The cast perform and the BAC is transformedThe silent movie backdrop is another way of avoiding explicit character development in favour of style without undermining the production. It allows for big, expressive gestures and emotion demonstrated through action rather than internalised – another reminder to the world of the music hall. This creates a deliberate undercurrent of comedy that runs through the production; to the modern audience this style of acting seems so alien – a strange hybrid of Victorian stage-acting, mime and early 20th century cinema – that it is difficult not to warm to despite it undermining the tragedy within the Eurydice story.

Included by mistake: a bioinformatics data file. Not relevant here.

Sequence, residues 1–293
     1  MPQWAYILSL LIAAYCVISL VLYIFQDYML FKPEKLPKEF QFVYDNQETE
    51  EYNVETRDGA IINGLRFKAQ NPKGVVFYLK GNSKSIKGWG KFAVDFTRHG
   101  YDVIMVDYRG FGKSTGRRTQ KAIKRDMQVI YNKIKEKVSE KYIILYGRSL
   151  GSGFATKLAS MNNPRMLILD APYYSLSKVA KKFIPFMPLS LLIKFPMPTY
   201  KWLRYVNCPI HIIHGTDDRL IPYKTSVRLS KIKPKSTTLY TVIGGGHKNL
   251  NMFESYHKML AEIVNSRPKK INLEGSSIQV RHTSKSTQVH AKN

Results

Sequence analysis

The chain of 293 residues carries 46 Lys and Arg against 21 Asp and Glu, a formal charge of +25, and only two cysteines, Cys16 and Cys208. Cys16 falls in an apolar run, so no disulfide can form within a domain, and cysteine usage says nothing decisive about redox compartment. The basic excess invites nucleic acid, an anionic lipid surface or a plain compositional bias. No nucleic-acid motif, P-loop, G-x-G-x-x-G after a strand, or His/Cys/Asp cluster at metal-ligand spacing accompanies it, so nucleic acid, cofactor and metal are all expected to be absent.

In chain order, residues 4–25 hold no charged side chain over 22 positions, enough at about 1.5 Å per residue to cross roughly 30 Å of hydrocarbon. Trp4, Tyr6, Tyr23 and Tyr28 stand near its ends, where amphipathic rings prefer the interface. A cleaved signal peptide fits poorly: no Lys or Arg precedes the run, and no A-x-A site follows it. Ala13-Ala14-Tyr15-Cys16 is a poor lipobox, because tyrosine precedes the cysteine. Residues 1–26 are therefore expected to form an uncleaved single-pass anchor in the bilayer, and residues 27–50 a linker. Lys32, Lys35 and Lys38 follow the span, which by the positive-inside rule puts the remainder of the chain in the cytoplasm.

Little Bulb are well supported in their endeavours by beguiling central performances; Eugenie Pastor as Eurydice and Dominic Conway as Orpheus look as if they have just stepped of the set of the latest Dietrich film. Pastor’s doe-eyes deserve a special mention of their own, as they retain a now almost-lost Clara Bow-like ability to portray a moving tableaux of longing to tragedy to absurdity in one fluid movement, whilst Conway’s profile is every-inch the slightly louche heartthrob – never the matinee idol but the one that parents would warn their daughters about.